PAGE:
One year after the introduction of Information and Communication Technology (ICT) to support diagnostic imaging at our hospital, clinicians had faster and better access to radiology reports and images; direct access to Computed Tomography (CT) reports in the Electronic Medical Record (EMR) was particularly popular. The objective of this study was to determine whether improvements in radiology reporting and clinical access to diagnostic imaging information one year after the ICT introduction were associated with a reduction in the length of patients' hospital stays (LOS).
Data describing hospital stays and diagnostic imaging were collected retrospectively from the EMR during periods of equal duration before and one year after the introduction of ICT. The post-ICT period was chosen because of the documented improvement in clinical access to radiology results during that period. The data set was randomly split into an exploratory part used to establish the hypotheses, and a confirmatory part. The data was used to compare the pre-ICT and post-ICT status, but also to compare differences between groups.
There was no general reduction in LOS one year after ICT introduction. However, there was a 25% reduction for one group - patients with CT scans. This group was heterogeneous, covering 445 different primary discharge diagnoses. Analyses of subgroups were performed to reduce the impact of this divergence.
Our results did not indicate that improved access to radiology results reduced the patients' LOS. There was, however, a significant reduction in LOS for patients undergoing CT scans. Given the clinicians' interest in CT reports and the results of the subgroup analyses, it is likely that improved access to CT reports contributed to this reduction.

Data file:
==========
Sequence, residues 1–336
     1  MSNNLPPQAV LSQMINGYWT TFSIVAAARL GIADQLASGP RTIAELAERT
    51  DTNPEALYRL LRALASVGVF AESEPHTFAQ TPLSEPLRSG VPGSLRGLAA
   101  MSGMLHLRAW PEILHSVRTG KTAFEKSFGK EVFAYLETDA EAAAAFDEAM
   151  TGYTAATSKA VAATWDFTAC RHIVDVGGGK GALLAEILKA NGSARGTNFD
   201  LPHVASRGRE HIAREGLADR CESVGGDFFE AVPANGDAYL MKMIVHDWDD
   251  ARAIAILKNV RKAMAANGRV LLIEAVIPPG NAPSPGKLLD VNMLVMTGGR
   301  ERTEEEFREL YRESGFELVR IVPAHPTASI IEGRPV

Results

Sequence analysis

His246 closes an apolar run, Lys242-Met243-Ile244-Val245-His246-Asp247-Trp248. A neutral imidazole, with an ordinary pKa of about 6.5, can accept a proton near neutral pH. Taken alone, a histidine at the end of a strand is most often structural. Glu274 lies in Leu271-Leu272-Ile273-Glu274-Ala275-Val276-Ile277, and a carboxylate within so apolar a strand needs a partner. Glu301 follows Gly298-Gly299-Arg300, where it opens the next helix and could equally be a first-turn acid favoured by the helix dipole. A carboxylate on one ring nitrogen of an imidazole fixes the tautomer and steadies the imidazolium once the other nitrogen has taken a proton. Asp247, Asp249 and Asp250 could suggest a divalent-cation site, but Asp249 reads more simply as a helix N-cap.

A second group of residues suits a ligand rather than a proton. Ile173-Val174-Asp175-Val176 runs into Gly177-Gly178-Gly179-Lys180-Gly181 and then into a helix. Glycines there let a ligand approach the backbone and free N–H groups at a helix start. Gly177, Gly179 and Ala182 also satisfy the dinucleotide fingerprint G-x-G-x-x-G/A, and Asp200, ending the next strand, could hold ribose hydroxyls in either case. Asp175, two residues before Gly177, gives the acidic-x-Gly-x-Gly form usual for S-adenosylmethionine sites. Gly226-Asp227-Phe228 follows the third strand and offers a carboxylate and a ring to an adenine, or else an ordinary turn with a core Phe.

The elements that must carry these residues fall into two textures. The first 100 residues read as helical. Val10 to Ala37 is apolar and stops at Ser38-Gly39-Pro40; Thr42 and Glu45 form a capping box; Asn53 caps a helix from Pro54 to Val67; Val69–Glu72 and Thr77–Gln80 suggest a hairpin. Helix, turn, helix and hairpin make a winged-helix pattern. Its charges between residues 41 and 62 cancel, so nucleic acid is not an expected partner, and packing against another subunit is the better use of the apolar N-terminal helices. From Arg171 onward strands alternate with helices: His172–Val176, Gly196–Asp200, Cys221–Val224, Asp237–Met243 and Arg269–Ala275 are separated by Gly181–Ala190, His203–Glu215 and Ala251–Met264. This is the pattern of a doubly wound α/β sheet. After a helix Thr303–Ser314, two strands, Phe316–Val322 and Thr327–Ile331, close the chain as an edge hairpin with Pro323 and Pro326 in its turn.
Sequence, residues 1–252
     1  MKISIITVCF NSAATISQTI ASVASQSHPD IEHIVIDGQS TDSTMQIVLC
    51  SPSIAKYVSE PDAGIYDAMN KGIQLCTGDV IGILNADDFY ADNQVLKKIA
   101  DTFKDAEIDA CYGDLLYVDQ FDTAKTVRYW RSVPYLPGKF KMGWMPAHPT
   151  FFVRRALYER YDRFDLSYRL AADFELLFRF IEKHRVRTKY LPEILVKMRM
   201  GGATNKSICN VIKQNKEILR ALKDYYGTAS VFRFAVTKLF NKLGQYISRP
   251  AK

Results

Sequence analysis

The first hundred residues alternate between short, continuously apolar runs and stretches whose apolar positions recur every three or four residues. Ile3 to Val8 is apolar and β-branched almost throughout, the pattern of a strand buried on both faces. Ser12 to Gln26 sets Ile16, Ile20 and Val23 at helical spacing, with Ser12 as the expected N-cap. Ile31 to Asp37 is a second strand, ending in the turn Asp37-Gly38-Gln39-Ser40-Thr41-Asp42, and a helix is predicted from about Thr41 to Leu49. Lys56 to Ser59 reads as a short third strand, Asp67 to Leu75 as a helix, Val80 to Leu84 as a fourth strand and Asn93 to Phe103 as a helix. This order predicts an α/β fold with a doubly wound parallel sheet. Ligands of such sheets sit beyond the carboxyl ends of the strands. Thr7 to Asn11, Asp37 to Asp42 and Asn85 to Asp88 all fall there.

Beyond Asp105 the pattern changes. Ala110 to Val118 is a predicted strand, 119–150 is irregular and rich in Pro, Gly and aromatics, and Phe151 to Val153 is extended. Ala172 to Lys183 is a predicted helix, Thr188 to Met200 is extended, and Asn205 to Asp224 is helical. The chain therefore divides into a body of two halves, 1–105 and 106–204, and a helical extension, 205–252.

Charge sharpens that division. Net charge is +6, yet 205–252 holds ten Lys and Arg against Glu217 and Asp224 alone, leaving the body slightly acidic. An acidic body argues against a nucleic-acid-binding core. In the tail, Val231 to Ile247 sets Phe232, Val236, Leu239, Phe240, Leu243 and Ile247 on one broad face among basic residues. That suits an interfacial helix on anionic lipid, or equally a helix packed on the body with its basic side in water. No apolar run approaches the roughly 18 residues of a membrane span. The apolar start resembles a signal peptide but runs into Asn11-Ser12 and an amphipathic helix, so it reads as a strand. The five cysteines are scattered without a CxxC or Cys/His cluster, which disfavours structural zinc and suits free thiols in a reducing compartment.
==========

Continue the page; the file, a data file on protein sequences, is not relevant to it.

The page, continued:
To assess the impact of a Picture Archiving and Communication System (PACS) on the diagnostic accuracy of the interpretation of chest radiology examinations in a "real life" radiology setting.
During a period before PACS was introduced to radiologists, when images were still interpreted on film and reported on paper, images and reports were also digitally stored in an image database. The same database was used after the PACS introduction. This provided a unique opportunity to conduct a blinded retrospective study, comparing sensitivity (the main outcome parameter) in the pre and post-PACS periods. We selected 56 digitally stored chest radiograph examinations that were originally read and reported on film, and 66 examinations that were read and reported on screen 2 years after the PACS introduction. Each examination was assigned a random number, and both reports and images were scored independently for pathological findings. The blinded retrospective score for the original reports were then compared with the score for the images (the gold standard).
Sensitivity was improved after the PACS introduction. When both certain and uncertain findings were included, this improvement was statistically significant. There were no other statistically significant changes.
The result is consistent with prospective studies concluding that diagnostic accuracy is at least not reduced after PACS introduction. The sensitivity may even be improved.
Misinterpretation of radiological examinations is an important contributing factor to diagnostic errors. Double reading reduces interpretation errors and increases sensitivity. Consultant radiologists in Norwegian hospitals submit 39% of computed tomography (CT) reports for quality assurance by double reading. Our objective was to estimate the proportion of radiology reports that were changed during double reading and to assess the potential clinical impact of these changes.
In this retrospective cross-sectional study we acquired preliminary and final reports from 1023 consecutive double read chest CT examinations conducted at five public hospitals. The preliminary and final reports were compared for changes in content. Three experienced pulmonologists independently rated the clinical importance of these changes. The severity of the radiological findings in clinically important changes was classified as increased, unchanged, or decreased.